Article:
Agent-based antivirus in virtualized environments

Someone recently approached me asking for advice on how to configure antivirus on virtualized endpoints as they received complains about poor performance on their infrastructure. After I got very briefly excited that the request would give me a chance to discuss hypervisor based malware protection it turns out that the only option at this point is plain old (thick) antivirus agents in each guest VM. To my surprise it seemed that few of the – seemingly obvious – configuration options to lessen the pain were set. After looking around online I found very thin coverage of this topic so I decided to write up my take on it. Please feel free to let me know your opinion, criticism or suggestions.

As the technology matures new options to protect data processed in virtualized environments becomes available. At this point however the malware protection strategy for VI in many organizations is still focused on agent based technology. Unfortunately conventional antivirus solutions have a potential to cause considerable stress on shared VI resources. However, many antivirus solutions do provide configuration options to mitigate the performance hit on these shared environments. The following sections will provide thoughts on what to implement.

Coordinated maintenance windows

As mentioned above the key point is to minimize concurrent load on the hardware resources. This requires planning inside and outside of the antivirus solution to avoid bottlenecks.

Identify service hours and maintenance tasks required for the virtual infrastructure

This might seem obvious but an effort should be made to correctly identify the core service hours of the virtual workloads. A capacity management team or similar personnel should be consulted in multi-tenant environments to identify periods with low workload pressure which would be suitable maintenance windows. Careful planning is required to ensure that maintenance tasks do not affect the other tenants during their core service hours where resources are scarce. Capacity management should collate relevant maintenance tasks for the environment to ensure capacity reserves are adequate to ensure seamless service.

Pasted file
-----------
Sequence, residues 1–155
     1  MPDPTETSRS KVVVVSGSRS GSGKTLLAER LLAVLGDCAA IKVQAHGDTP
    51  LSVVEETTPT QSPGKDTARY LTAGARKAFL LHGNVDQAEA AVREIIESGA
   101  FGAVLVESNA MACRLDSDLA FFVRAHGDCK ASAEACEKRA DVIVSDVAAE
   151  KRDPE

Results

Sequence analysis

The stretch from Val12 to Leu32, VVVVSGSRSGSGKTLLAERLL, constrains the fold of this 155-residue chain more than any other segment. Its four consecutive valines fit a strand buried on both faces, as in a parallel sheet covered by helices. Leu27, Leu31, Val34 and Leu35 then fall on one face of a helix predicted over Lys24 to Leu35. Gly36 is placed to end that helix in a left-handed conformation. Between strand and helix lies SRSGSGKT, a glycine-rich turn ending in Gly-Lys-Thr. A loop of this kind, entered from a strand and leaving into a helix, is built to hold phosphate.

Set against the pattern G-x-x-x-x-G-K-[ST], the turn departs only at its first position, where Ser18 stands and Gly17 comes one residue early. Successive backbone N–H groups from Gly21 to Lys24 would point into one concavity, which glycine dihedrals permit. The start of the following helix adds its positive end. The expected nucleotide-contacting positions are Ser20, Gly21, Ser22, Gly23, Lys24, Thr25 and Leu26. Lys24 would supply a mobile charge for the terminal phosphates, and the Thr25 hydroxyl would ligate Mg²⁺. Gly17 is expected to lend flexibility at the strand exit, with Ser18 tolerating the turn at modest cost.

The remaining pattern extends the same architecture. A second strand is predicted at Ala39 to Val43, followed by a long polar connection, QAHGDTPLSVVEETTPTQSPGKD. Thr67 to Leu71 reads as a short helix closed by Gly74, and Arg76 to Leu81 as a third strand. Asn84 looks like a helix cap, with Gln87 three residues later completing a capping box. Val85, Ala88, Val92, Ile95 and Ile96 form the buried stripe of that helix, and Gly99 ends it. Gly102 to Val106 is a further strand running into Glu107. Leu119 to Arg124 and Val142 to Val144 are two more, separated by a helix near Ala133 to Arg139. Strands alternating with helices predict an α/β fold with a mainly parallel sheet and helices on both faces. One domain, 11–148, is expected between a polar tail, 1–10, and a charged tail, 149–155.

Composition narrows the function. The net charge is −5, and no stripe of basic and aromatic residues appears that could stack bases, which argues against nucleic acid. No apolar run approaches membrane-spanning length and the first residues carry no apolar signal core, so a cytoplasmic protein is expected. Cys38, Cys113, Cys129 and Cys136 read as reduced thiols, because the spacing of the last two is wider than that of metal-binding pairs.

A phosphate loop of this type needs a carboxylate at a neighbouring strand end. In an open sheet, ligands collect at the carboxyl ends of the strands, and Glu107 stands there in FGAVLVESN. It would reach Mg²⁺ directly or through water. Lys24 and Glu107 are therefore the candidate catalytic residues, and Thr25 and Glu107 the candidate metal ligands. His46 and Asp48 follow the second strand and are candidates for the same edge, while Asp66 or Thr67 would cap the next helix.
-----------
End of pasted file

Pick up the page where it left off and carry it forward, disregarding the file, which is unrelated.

Schedule maintenance tasks in a coordinated way

Once preferred/potential maintenance periods are known and necessary activities are understood the individual activities should be scheduled in non-conflicting timeslots where possible. Poor planning of multiple support teams trying to run service tasks on multiple assets might result in resource exhaustion for the whole infrastructure as illustrated below.

Ideally this can be avoided by assigning appropriately timed timeslots to the support teams spreading out the overall load on the virtual environment in the maintenance periods.

Typical maintenance tasks to consider in regards to resource contention are conventional backup and restore jobs, snapshot creation and clean up, software deployments to guests or host systems, Antivirus scans, vulnerability assessments and inventory scans, etc. Once it is clear what time and timeframe is available for antivirus related tasks further planning can take place.

Methodical endpoint configuration

There are several configuration settings to optimize the resource utilization within and outside the maintenance window. Often these settings are implemented on logical groups (e.g. ‘Domains’ in Trend Micro, ePO Site/groups in Mcafee ePO managed endpoints, etc) which necessitates the endpoints to be grouped according to their configuration requirements. This should be done as a first step where it does not conflict with existing categorization methodologies.

Set scan exclusions

Usually there are no special scan exclusion recommendations when it comes to guest OS in virtual machines but general advice on exclusions is provided by Microsoft, antivirus vendors and often application vendors. From a performance point of view it might be beneficial to limit the scope of the full scan to known risk file format extensions like .exe, .com, .vbs, etc. (e.g. IntelliScan setting in Trend Micro).

For further details please refer to:
What Anti-Virus scanning exclusions should be considered for system and servers?
VMWare (pg.8)

Limit agent resource consumption

Many antivirus solutions provide the option to either tune or limit their resource consumption on the protected endpoint during selective scanning tasks. These setting can be used to reduce the load on the endpoints during resource intensive tasks but it is important to understand that